NeuroDerm's minipump passes the patient test

Neuroderm has reported that Parkinson’s patients who have used its minipump levodopa and carbidopa delivery system have done so effectively.

The formulation ND0612 is a combination of the two Parkinson’s drugs that control symptoms of the disease by replacing reduced dopamine in the brain. The trembling and loss of coordination can be mediated by levodopa and carbidopa, but when administered orally, the symptoms can worsen. A continuous dose, however, has been shown to work.

NeuroDerm’s device is a small belt pump that delivers a controlled dose subcutaneously, achieving the constant administration thought to be better suited for the patients. Whether the patients could use the device was the big question, and NeuroDerm reported back positively. The company unveiled the results at the World Parkinson Congress in Portland, OR.

Event

Join the world's top medtech executives virtually for the leading event in medtech — The Virtual MedTech Conference by AdvaMed

Expect the same high-quality education, world-class speakers and valuable business development in a virtual format. Experience more of the conference with on demand content and partnering, as well as livestreamed sessions.

“Study results show that, following appropriate training, patients and their partners were able to independently operate the pump effectively in a simulated home setting,” NeuroDerm Medical Director Dr. Tamar Rachmilewitz said. “The data supported our assumption that ND0612 can be controlled by the patient as a simple-to-operate solution designed to achieve constant levels of [levodopa] in the blood and improve motor fluctuations that cannot be adequately controlled with oral therapy that may otherwise require surgical intervention.”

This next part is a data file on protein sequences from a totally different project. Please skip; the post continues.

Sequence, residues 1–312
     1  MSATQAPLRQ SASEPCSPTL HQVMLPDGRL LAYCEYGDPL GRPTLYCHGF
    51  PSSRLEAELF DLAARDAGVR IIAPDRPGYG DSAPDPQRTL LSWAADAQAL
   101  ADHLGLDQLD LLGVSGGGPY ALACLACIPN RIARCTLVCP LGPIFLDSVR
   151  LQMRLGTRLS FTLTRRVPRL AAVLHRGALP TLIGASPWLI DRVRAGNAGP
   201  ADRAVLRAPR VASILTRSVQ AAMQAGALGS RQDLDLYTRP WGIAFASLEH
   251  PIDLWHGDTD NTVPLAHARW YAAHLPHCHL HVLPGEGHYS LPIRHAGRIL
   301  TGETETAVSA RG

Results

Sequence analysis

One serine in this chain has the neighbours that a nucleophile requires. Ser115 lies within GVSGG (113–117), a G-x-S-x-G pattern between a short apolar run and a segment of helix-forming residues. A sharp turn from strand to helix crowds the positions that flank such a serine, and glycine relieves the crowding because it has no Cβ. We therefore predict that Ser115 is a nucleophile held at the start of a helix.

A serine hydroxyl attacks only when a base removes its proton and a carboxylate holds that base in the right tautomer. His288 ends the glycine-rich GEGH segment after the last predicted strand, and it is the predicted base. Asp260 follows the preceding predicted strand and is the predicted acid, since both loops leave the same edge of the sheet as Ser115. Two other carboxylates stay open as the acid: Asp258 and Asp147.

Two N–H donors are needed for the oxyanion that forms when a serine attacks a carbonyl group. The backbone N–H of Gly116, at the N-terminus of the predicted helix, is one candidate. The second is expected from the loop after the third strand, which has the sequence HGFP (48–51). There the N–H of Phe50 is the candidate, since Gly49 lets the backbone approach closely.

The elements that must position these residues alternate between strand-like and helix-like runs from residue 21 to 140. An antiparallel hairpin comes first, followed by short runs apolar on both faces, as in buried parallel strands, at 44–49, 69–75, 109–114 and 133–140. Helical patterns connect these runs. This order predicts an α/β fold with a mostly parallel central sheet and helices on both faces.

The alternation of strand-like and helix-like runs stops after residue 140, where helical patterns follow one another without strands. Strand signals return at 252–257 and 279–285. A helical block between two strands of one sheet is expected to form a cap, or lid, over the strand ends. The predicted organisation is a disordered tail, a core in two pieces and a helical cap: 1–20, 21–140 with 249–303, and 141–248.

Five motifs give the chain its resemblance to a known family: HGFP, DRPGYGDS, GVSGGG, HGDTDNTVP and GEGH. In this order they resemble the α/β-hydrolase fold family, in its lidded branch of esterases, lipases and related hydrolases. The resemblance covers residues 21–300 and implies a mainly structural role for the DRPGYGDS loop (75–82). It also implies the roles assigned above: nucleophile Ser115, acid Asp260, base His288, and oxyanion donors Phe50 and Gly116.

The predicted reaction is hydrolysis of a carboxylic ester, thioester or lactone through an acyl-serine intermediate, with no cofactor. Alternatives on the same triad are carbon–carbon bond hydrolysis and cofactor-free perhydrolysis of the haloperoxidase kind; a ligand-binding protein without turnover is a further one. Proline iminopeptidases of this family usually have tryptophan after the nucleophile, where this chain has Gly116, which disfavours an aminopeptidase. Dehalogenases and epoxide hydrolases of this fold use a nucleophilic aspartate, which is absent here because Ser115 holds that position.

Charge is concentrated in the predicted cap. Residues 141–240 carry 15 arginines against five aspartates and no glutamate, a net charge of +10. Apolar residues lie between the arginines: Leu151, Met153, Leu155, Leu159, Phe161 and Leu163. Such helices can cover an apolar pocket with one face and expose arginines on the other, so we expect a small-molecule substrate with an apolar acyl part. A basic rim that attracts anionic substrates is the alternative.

The 15 patients in the study had moderate to severe Parkinson’s and were trained with their partner or caregiver in a series of sessions. All of them were able to demonstrate operability.

“These results validate the ease of use of the ND0612 minipump delivery system, even in patients with motor dysfunction,” NeuroDerm CEO Oded Lieberman said. “A growing body of data suggests that ND0612 has the potential to transform the lives of PD patients, and the data presented at this conference show that this potentially transformative product candidate can be delivered conveniently in patients’ homes.”

Suggested Articles

Ironwood had once hyped this drug as a $2 billion-a-year asset, but IW-3718 has failed to live up to its high expectations.

The company describes the continuous glucose monitor as the world’s smallest and thinnest diabetes sensor, with a disc about the size of two pennies.

Junshi’s PD-1 blocker is already approved in China for metastatic melanoma, but the Shanghai-based biotech may soon add throat cancer to its label.